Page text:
I was about eight years old when Medford
became my home, and I have a very distinct recollection of the impression the town made upon me on my first introduction to it. It had then a population of little more than two thousand two hundred, pretty widely scattered.
You must remember that since then we have lost some territory, taken from us to help form the towns of Somerville
The older part of the town showed all the marks of its antiquity, and its general aspect was one of old-time respectability.
I do not suppose, however, there were a dozen houses in Medford
at that time that cost more than six thousand dollars. They were plain but substantial structures that accorded well with the homely ways and thrifty habits of the earlier New England
There was plenty of timber in the frames of these buildings, not held together with ten-penny nails, but well mortised and well braced, calculated to set at defiance a September gale or a winter blizzard.
These houses were all hand-made.
The mechanics of those days could frame their own sashes and doors, and could turn out, often with self-made tools, the most elaborate mouldings.
We have one of them in our own body in the person of our respected fellow-citizen, Mr. Cleophas Johnson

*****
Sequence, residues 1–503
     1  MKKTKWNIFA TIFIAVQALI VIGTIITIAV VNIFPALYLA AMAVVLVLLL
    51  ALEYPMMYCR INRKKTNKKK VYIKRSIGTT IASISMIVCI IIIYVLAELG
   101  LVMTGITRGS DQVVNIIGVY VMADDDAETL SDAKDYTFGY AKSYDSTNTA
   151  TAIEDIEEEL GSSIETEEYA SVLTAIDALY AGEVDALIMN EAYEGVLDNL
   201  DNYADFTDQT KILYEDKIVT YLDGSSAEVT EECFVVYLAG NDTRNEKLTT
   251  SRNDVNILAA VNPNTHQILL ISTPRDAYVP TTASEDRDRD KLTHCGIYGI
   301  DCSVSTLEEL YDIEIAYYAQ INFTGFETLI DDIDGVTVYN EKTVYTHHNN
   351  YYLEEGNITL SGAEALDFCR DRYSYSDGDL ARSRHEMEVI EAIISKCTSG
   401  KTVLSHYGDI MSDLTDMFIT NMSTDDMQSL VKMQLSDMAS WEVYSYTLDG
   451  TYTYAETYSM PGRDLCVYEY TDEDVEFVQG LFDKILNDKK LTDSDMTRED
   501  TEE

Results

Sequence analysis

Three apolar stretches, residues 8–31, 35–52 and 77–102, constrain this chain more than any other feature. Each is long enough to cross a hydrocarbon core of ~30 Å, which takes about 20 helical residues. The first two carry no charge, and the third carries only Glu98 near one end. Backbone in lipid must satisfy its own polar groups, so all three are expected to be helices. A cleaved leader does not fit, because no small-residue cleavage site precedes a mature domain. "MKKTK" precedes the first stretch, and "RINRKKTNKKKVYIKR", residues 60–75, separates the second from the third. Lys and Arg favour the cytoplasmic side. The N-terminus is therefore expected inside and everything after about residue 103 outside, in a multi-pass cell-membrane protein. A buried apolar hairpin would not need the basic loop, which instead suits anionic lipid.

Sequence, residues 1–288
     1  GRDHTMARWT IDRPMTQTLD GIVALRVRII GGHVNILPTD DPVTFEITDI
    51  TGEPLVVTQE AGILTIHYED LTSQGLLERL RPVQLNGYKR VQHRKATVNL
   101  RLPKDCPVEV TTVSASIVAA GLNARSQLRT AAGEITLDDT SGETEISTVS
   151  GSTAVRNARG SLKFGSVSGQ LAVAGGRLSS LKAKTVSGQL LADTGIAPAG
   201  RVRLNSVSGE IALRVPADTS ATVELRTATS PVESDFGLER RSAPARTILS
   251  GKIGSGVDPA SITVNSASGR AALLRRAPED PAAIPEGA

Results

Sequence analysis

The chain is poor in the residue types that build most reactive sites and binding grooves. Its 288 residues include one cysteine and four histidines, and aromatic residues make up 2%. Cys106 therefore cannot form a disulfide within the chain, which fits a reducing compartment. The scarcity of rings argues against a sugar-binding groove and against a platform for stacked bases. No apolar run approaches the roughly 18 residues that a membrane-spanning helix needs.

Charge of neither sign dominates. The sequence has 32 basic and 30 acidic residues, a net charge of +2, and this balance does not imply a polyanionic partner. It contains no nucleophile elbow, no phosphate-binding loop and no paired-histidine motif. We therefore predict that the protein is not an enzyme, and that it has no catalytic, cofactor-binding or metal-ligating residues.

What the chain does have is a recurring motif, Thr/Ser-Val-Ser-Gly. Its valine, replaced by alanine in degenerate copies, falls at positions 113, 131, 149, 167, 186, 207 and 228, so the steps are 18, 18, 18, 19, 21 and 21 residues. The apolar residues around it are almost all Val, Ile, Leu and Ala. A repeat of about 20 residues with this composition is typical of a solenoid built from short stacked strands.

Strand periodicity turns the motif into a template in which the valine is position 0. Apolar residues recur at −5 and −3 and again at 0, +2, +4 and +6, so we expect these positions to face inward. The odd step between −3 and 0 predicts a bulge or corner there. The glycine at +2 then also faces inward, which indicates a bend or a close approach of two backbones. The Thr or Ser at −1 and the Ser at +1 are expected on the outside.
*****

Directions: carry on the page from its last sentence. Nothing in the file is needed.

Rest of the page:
— long may he live!
but his works will live after him.
To resume my description of Medford
: the public square and high street as far as Meeting House brook, looked very much as they do now, making allowance for some changes in buildings—not very many.
Between Meeting House brook and the Lowell railroad there were very few houses—not more than half a dozen, as I remember.
West Medford had then practically no existence as a settlement.
There was but a house or two on Purchase street (now North Winthrop street) as far as the present Winchester line; and the same might be said of Forest street up to the Stoneham
line, —as well as of Salem street below Fulton street to the Maiden
On Main street, from the present Stearns